Introduction and Demographics

The survey was posted to the AVEN and Arocalypse forums, and focuses on the respondents' romantic orientations and related factors. I received 86 responses in total. Ethnicity was mostly white (86.2%), with 5.8% identifying as mixed race, and other ethnicities representing only 1-2% of the sample. Gender identity was female for 48.8%, male for 17.4%, non-binary or other for 23.3%, and 10.5% declined to answer. Sex assigned at birth was female for 77.9% of the sample, male for 19.8%, and two participants declined to answer. Among the participants with binary genders, 4.8% of the women and 13.3% of the men reported having been assigned the opposite gender at birth. (An additional participant, assigned female at birth, was questioning but leaned towards male. This participant was counted under 'other'.)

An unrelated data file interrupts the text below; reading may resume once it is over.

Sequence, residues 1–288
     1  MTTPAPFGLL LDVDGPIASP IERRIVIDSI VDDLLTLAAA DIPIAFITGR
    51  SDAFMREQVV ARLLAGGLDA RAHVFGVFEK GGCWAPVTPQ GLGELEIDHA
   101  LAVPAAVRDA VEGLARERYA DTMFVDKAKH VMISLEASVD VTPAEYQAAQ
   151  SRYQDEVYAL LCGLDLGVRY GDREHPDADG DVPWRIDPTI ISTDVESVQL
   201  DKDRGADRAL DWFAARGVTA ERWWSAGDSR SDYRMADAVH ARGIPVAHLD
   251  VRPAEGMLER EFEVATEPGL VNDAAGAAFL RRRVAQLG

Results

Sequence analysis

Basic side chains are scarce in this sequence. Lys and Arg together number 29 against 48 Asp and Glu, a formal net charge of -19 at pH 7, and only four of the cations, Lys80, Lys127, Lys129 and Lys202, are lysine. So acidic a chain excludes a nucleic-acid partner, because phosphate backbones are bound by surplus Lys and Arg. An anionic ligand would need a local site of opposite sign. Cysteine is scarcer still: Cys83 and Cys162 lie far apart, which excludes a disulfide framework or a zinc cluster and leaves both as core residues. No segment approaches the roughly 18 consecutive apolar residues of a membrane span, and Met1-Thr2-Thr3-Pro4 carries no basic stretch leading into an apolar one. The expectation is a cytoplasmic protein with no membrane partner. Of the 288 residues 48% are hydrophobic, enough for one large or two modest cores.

I also asked about neurodevelopmental disabilities or differences, and found that 43% of the sample were neurotypical, 14% were uncertain or suspected a condition, 29.1% were neurodivergent, and 14% left the question blank. The most common neurodivergence was autism spectrum conditions, with 17.4% of the sample being autistic and an additional 9.3% being uncertain. The next most common condition was ADHD, with definite ADHD reported by 3.5% of the sample and possible ADHD by 2.3%. The remaining conditions reported represented only 1-3 participants each (maybe or definite), and included anxiety, auditory processing disorder, giftedness, depression, OCD, dyslexia, multiple sclerosis, PTSD, and bipolar disorder.